In many respects, M/M romance has been the flagship of the LGBTQ+ fiction fleet, forging a clear path through stormy seas, garnering support from passing ships, negotiating safe port. But, as is the way with the publishing world, all genres have their day, and perhaps what we're witnessing is the moment when the flagship retires.

To escape the metaphors...here's the point. What's happening right now in the LGBTQ+ writing/publishing community is that we're seeing an epic drop in book sales, whereby authors and publishers who were making a steady, and sometimes living income are no longer doing so. Some publishers have already closed their doors, and while I'm wearing my author hat to write this post, I'll put it to one side briefly to say this: in case there's any doubt, Beaten Track Publishing is not closing its doors. Most publishers are in it for the money, and if the money's not there, they stop trading. It makes sense. Beaten Track isn't in it for the money.

(puts author hat back on)

Given that the vast majority of us authors are inclined towards introversion, we spend a lot of time reflecting on why we're not selling books. Does it mean people no longer like them? Has our writing declined in quality? Did we do something bad? Did we allow our words to run away with us and say the wrong thing?

The answer is...maybe? But does it matter? If an author is writing solely to earn a living, then, in a capitalist economy, the only factor of importance is the free market. If there's no demand for the goods, there's no point producing them. It's quite straightforward: ditch what you're doing, identify the currently popular genre and get writing.

However, I suspect that even those authors who claim they're only doing it for the money are not. There are so many jobs that pay more, it's daft slogging it out in this one if money is the only motivation for doing so. I'm referring specifically to writing fiction; technical and academic writing, however much one might enjoy doing it as a job, is about the money/kudos.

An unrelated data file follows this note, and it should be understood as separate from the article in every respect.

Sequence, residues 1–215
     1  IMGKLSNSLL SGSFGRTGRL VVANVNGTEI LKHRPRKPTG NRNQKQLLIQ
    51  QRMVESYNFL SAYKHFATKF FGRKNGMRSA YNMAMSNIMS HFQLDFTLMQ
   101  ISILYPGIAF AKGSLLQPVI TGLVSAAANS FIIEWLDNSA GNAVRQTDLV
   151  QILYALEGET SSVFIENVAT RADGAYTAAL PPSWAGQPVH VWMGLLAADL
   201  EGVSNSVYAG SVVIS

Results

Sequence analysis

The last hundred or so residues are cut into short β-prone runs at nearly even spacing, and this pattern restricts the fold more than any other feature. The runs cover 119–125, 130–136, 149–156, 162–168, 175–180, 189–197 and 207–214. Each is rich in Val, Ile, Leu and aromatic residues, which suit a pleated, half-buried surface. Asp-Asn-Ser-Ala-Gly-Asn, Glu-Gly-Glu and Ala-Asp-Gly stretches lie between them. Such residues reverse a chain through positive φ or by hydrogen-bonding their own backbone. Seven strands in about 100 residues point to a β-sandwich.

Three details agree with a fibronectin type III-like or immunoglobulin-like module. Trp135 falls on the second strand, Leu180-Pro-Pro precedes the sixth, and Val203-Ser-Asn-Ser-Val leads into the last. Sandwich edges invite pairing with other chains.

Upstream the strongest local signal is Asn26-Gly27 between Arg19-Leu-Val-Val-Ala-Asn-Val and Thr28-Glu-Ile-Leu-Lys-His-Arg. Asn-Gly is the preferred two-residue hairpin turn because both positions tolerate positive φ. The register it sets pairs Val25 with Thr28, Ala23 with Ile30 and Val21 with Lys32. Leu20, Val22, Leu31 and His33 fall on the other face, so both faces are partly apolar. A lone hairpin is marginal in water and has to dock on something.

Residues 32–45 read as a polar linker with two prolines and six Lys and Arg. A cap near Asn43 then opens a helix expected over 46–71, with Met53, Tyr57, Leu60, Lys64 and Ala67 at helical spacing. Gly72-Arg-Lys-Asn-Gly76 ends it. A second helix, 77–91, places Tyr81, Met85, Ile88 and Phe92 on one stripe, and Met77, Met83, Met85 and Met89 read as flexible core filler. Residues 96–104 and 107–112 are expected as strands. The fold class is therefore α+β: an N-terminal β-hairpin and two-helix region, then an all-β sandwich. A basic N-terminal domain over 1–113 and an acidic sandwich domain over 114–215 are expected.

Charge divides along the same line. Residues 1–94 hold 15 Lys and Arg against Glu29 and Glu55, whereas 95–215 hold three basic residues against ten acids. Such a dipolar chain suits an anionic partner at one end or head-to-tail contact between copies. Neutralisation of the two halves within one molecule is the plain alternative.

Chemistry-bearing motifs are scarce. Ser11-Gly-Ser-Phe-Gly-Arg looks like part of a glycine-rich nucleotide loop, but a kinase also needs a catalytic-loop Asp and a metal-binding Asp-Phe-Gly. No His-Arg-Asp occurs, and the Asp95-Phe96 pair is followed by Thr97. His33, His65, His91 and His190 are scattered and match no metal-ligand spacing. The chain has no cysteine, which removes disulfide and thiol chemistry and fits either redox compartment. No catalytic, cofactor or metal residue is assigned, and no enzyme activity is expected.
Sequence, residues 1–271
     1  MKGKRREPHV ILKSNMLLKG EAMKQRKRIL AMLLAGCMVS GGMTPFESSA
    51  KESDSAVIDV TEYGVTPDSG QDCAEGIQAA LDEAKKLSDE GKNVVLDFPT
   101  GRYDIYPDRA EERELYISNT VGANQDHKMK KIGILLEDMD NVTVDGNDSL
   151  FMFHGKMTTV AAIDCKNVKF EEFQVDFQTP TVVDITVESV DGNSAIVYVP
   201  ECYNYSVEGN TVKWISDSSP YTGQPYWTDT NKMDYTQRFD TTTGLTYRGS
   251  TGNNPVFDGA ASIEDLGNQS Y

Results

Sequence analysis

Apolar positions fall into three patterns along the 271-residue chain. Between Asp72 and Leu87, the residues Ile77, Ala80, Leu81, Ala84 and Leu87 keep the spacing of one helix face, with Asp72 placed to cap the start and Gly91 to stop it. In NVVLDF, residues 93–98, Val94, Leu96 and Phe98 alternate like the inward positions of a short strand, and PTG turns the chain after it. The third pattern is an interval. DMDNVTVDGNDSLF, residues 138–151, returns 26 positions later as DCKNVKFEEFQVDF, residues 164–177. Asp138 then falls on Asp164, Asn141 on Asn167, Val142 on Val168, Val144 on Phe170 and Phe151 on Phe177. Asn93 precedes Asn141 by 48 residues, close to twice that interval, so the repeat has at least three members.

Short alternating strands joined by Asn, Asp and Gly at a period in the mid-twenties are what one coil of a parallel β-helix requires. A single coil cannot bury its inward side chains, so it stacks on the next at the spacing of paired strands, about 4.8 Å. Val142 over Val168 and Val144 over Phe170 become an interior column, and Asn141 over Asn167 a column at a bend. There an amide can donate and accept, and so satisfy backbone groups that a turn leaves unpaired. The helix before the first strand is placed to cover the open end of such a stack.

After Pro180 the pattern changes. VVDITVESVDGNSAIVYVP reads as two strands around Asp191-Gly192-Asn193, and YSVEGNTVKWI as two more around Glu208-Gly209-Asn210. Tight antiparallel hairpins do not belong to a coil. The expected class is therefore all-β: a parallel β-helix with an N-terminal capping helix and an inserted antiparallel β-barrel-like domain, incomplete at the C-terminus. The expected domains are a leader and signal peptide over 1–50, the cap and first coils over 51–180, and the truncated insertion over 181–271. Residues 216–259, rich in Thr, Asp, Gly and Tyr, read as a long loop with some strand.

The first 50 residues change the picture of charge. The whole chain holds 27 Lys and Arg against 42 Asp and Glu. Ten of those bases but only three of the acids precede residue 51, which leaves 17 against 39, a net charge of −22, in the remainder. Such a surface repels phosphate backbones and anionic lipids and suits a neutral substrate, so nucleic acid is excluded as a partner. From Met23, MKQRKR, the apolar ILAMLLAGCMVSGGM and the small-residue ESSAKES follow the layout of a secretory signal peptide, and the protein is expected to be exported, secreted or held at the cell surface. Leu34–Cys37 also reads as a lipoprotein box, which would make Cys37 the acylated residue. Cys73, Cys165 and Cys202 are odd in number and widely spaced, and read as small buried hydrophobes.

To come back to the question I started with:

How do we authors know if we've succeeded?

There is no one-size-fits-all measure of success, but the key is to revisit why we write and what we set out to achieve.

I became bewitched by the whole sales/reviews/bestsellers measures, but these never held any real value for me. I have to write; I choose to share. I choose to write about the hard stuff. I feel a responsibility as both an author and social scientist to challenge common-sense assumptions, to subtly introduce readers to what C. Wright Mills termed 'the sociological imagination'. When a reader tells me that my writing has made them think or feel differently about something...wow! That's why I share my writing. That's it. I remember now.

By my own measures, I continue to succeed.

I hope you do, too.

Thanks for reading.
Deb x



2 comments:

  1. I suppose all we writers ask ourselves (and sometimes some hapless other) this question. AS you say there are other, easier ways to make money, so why indeed. I have come to the conclusion that I measure success the same way you do--and one reader, one comment, one changed heart at a time.

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    1. Ah, yes. Those poor hapless others... LOL.